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From Reynolds's Newspaper (London, England), Sunday, November 26, 1882; Issue 1685.

Ninon de l'Enclos, the celebrated French beauty, is said to have retained her youthful appearance until such an advanced period of her life that her own grandson, unaware of their relationship, felt in love with her. This, perchance, may have suggested to Mr. W. S. Gilbert the motif of his new comic opera "Iolanthe," the heroine of which, being a fairy, never grows old, and causes Phyllis, who is betrothed to her son, and does not know Iolanthe to be his mother, an amount of jealousy a woman does not often feel towards her prospective mother-in-law.

The story is, as usual, one of those amusing satirical skits of the clever author's which, whilst taking us into the realms of "Topsy Turveydom," manages to endow at least a portion of its dramatis personæ with human characteristics, and to surround them with familiar objects. As we have said, the principal personage in the new comic opera is a fairy (Iolanthe), and that Phyllis, betrothed to her son Strephon, becomes jealous of what she considers the undue attention he pays to another woman. Phyllis renounces Strephon, but on due explanation as to the relationship, becomes reconciled to her lover. Iolanthe promises to plead Phyllis's cause with the Lord Chancellor — for the rash girl, in her jealous anger, has promised to marry in some other quarter, and the Lord Chancellor has decided that he himself will be the happy man.

Matters become complicated by the fact that the Lord Chancellor is already married, his wife being no other than Iolanthe, who, under fairy law, having incurred the penalty of death, has had her sentence commuted into one of perpetual banishment, on condition of leaving her husband, and never revealing to him her identity. This order she now feels bound to break, in order to save Phyllis from making her husband a bigamist, and to restore his sweetheart and happiness to her son. Iolanthe is, however, saved from so dire a fate as death by the intercession of her sister fays, who candidly avow that if this law is to be carried out there will be an end of fairyland, since they are all in love with peers of the realm. The comic absurdity of the whole business is not, however, reached until the Chancellor so alters the law that those must die who are not married.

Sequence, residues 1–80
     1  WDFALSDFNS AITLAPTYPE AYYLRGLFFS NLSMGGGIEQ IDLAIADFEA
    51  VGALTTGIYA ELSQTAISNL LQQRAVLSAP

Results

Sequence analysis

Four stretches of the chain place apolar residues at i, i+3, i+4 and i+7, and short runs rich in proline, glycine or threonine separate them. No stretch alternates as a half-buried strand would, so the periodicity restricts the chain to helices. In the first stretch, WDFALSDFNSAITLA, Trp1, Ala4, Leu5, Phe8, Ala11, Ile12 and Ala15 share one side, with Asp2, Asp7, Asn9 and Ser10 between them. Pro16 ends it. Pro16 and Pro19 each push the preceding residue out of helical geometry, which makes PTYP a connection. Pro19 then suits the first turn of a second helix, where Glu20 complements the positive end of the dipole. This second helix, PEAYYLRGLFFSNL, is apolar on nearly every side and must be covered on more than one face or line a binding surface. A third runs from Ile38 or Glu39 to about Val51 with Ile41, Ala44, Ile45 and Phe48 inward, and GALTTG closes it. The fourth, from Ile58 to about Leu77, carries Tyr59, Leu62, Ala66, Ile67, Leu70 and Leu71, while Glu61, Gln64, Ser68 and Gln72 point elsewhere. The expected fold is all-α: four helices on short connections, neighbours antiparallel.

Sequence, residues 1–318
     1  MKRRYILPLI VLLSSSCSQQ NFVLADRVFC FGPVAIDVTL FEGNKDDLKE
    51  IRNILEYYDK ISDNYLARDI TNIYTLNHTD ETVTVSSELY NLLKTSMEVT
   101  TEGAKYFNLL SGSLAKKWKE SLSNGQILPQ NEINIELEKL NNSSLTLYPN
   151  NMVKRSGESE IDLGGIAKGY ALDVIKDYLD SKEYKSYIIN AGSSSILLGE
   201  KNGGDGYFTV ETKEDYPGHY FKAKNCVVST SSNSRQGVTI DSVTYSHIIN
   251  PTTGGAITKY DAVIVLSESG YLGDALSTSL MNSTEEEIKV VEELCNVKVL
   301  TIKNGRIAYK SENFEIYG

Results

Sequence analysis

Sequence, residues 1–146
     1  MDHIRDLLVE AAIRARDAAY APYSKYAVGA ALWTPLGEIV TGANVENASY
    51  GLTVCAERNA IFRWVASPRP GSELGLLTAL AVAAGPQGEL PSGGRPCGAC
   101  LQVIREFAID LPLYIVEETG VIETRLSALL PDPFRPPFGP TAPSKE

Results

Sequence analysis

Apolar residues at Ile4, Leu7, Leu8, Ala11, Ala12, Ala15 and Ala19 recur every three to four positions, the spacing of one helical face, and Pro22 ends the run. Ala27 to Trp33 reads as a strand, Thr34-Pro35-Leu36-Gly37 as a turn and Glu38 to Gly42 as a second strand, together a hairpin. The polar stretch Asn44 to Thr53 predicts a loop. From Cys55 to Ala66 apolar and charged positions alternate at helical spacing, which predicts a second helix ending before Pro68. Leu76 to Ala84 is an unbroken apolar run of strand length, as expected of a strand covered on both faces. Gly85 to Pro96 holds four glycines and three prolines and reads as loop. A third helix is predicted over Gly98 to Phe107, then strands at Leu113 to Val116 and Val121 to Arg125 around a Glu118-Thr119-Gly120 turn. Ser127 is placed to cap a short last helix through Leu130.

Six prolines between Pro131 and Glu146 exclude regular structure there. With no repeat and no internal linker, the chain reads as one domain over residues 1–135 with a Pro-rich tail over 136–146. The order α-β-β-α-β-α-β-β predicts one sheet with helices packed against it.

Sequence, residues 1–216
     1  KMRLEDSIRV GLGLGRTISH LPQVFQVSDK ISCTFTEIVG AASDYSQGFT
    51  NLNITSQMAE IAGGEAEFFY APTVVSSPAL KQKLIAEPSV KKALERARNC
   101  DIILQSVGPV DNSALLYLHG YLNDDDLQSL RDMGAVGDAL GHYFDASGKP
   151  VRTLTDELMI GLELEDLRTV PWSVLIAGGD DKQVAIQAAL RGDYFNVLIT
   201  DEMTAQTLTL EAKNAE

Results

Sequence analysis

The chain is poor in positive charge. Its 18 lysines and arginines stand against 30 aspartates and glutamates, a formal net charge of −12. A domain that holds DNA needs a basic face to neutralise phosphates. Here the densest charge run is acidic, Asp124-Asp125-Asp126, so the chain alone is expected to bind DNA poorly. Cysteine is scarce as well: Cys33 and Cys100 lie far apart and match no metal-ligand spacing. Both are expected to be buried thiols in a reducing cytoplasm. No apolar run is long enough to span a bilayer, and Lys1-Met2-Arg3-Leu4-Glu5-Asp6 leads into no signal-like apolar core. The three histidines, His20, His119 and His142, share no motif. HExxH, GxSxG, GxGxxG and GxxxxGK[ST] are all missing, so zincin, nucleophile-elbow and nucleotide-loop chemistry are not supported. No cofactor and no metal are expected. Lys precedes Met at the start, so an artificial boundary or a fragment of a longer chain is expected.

Happily there is but one amongst them, who is a maiden, their queen, and she is saved through the instrumentality of Private Willis, of the Grenadier Guards, who is mounted as sentry in Palace-yard, agreeing to take her to wife. Wings sprout from the shoulders of the peers who are amorous of the fairies, and as competition examination now alone is supposed to entitle them to a seat in the Upper House, they feel that it is no place for them, and prepare to start for Fairyland.

The opera may be chronicled as a success from beginning to end. Mr. Arthur Sullivan has composed some most masterly and delightful music; the stage mounting was admirable, the idyllic scene of the first act charming, and the realistic one of the Houses of Parliament, outside which the second act passes, most effective. The dresses, especially those of the peers, were simply superb, and the acting and singing of all concerned most praiseworthy. A curious item in the adornments of the Fairy Queen (Miss Alice Barnett) deserves mention. It is a star of real flame fastened in her hair, and is formed by the electric light.

Mr. Gilbert's dialogue was as amusing and quaint as any he has ever given us, and applause, loud, long, and well deserved, marked the fall of the curtain. The cast included the names of Messrs. George Grossmith, Rutland Barrington, Durward Lely, Manners, R. Temple, Alice Barnett, Jessie Bond, Julia Gwynne, and Leonora Braham.

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